(Reuters) - Global airlines are fast running out of cash after cutting capacity by 90% or even grounding entire fleets due to the broad travel restrictions to contain the spread of the coronavirus, calling into question the survival of several firms.
The outbreak of the flu-like virus has wiped 41%, or $157 billion, off the share value of the world’s 116 listed airlines, with many using up their cash so fast they can now cover less than two months of expenses, a Reuters analysis showed.
The industry’s main global body, the International Air Transport Association (IATA), estimates the sector needs up to $200 billion in government support to help airlines survive.
The following charts show airlines’ liquidity ratios, and their changes in cash and debt levels against core earnings.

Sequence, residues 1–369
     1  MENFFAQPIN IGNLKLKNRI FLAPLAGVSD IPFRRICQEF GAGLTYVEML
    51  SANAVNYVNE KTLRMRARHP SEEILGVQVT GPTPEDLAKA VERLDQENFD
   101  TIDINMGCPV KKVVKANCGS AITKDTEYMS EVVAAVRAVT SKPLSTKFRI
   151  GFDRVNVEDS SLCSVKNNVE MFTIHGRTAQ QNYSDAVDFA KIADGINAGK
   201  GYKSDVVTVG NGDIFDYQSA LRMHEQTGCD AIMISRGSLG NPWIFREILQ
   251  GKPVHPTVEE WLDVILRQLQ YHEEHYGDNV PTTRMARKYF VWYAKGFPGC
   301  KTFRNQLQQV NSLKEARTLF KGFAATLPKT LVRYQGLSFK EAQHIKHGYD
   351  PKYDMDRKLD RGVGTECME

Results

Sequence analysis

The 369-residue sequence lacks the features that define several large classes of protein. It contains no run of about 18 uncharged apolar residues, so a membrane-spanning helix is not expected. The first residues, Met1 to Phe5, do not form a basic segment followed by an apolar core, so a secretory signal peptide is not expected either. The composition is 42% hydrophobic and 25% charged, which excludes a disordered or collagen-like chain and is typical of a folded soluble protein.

(GRAPHIC: Airlines' change in cash levels - here)
(GRAPHIC: Airline firms' current ratios - here)
(GRAPHIC: Airline firms' net debt-to-EBITDA ratios - here)
(GRAPHIC: Cash on hand by region - here)
(GRAPHIC: Airline firms' debt-to-equity ratios - here)
(GRAPHIC: Airline market cap - here)
Reporting By Patturaja Murugaboopathy; Additional Reporting by Gaurav Dogra in Bengaluru; Editing by Miyoung Kim and Tom Hogue